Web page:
Demand for carbon credits certified under the Clean Development Mechanism (CDM) has been on the increase over the past few days, sources told S&P Global Platts over Nov. 1 and 2, as some market participants appear to believe that a continuation of the CDM crediting scheme under the Paris Agreement will be agreed on at the ongoing UN Climate Conference in Glasgow.
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"We are starting to see some movement on the CDM side, a trader said during the Nov. 1 morning trading session.
"Lots of enquiries [for CDM credits] are coming through," a second trader said on the morning of Nov. 2.
According to a third source on morning of Nov. 2, "there definitely is increased interest...since last week."
Sources believe that some players in the market think that the UN Climate Conference may end with an agreement about extending the validity of the UN CDM crediting mechanism under the Paris Agreement.
"That will be the key item to look for," the first source said.
"I don't see any indicators yet at COP...but possibly some of the larger aggregators have some inside feelers," the third source said.
The UN Clean Development Mechanism was implemented in 2006 under the Kyoto Protocol and represents the first crediting scheme in history. It allows countries with an emission reduction commitment under the Kyoto Protocol to implement an emission reduction project in developing countries. The credits issued by these projects are known as CERs. Each CER is equivalent to one mt of CO2e and can be counted against the Kyoto targets.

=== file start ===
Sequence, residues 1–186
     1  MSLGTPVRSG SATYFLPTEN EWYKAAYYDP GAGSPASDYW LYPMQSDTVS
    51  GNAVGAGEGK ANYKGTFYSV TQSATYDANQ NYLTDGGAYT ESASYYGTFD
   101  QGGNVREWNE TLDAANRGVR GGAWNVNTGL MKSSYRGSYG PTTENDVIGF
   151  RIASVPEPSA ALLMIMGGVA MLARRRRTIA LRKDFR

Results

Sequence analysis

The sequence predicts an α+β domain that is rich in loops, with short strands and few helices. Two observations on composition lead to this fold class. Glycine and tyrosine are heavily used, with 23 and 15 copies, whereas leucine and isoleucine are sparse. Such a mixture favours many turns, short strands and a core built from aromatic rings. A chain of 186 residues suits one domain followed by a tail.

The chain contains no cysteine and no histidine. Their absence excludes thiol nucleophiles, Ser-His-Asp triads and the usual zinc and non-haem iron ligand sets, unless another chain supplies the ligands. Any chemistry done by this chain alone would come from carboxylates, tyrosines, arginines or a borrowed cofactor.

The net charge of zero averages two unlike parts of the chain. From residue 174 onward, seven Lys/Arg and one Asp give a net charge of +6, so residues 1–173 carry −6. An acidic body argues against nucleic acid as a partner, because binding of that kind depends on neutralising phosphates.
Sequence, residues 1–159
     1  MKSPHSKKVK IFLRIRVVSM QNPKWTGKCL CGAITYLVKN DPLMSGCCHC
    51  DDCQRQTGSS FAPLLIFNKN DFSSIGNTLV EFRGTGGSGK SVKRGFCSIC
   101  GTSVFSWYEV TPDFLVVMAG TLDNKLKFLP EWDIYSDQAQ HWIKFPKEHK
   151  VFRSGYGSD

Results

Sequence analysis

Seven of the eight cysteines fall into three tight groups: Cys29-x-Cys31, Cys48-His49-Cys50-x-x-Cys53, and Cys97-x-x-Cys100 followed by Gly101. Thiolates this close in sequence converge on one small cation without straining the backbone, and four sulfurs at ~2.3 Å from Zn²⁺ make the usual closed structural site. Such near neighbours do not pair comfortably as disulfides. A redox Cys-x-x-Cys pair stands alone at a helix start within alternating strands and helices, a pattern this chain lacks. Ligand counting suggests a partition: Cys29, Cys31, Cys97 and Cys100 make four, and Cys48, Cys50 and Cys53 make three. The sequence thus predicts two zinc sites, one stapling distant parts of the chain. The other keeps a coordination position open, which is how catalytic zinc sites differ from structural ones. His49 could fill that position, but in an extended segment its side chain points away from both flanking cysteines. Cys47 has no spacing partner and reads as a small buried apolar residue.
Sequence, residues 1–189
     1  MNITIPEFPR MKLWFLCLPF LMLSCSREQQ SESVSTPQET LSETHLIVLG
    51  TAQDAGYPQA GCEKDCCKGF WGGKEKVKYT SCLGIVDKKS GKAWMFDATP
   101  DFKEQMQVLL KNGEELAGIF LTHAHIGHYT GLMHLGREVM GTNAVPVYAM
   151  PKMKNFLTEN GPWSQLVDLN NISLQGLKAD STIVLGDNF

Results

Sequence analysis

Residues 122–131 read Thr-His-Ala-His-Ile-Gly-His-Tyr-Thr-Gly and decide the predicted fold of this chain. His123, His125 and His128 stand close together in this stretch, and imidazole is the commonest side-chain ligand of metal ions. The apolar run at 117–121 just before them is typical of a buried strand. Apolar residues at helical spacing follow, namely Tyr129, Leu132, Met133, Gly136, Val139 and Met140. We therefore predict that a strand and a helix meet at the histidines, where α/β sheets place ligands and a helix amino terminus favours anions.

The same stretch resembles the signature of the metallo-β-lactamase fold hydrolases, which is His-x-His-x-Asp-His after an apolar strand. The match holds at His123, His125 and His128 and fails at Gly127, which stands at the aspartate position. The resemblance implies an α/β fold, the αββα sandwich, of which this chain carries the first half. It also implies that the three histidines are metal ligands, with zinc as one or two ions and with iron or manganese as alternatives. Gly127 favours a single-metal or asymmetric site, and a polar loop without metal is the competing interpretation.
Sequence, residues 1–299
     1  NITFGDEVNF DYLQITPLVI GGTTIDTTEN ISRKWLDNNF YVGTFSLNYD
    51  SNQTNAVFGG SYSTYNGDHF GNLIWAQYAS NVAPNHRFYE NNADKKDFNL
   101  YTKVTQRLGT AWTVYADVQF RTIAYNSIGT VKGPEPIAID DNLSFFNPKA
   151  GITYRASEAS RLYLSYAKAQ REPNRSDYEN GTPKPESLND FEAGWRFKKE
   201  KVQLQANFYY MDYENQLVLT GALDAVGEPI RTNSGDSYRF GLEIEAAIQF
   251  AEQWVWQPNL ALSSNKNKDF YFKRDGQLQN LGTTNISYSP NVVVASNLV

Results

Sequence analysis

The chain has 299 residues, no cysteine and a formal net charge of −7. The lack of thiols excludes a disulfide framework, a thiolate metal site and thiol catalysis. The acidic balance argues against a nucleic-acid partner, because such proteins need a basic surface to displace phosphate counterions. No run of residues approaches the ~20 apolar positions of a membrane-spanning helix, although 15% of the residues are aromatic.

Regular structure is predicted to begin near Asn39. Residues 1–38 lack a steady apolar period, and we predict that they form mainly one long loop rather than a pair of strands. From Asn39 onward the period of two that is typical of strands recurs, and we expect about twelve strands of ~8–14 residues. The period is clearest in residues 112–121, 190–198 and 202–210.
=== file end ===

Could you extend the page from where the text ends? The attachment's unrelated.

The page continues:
The is no set expiration date for the CDM mechanism but it can be discontinued if the parties to the Kyoto Protocol decide to do so.
Negotiating parties at the UN Climate Conference have historically had opposing views.
For some, the continuity of previous mechanisms should be guaranteed to create a stable and inviting regulatory environment. Developing countries that host CDM certified carbon projects have historically been in favor of a continuation of this scheme.
For others, the CDM mechanism scheme should be discontinued as it wouldn't be efficient to have it running in parallel to a new scheme envisaged under Article 6 of the Paris Agreement that is yet to be implemented, but also because many of the projects certified under CDM may no longer comply with one of the core principles of carbon finance -- additionality.
Under the additionality principle, to be eligible for credits issuance, a carbon project needs to prove that it would not be able to operate without the additional revenue generated from the sale of carbon credits.
However, with many carbon projects certified under CDM being renewable energy projects, this principle may no longer be respected. The cost of renewable energy technology has decreased over the past few years, meaning that even renewable projects in developing countries are now profitable even in the absence of carbon credits issuance.
It is still not clear if a similar deal will be reached.
"There is now a much better understanding of the volume of CERs that could in theory transition under different vintage restrictions," a source close to the negotiations said. "This means negotiators go into COP26 better informed than they were two years ago, but whether that helps them reach a compromise is still to be seen."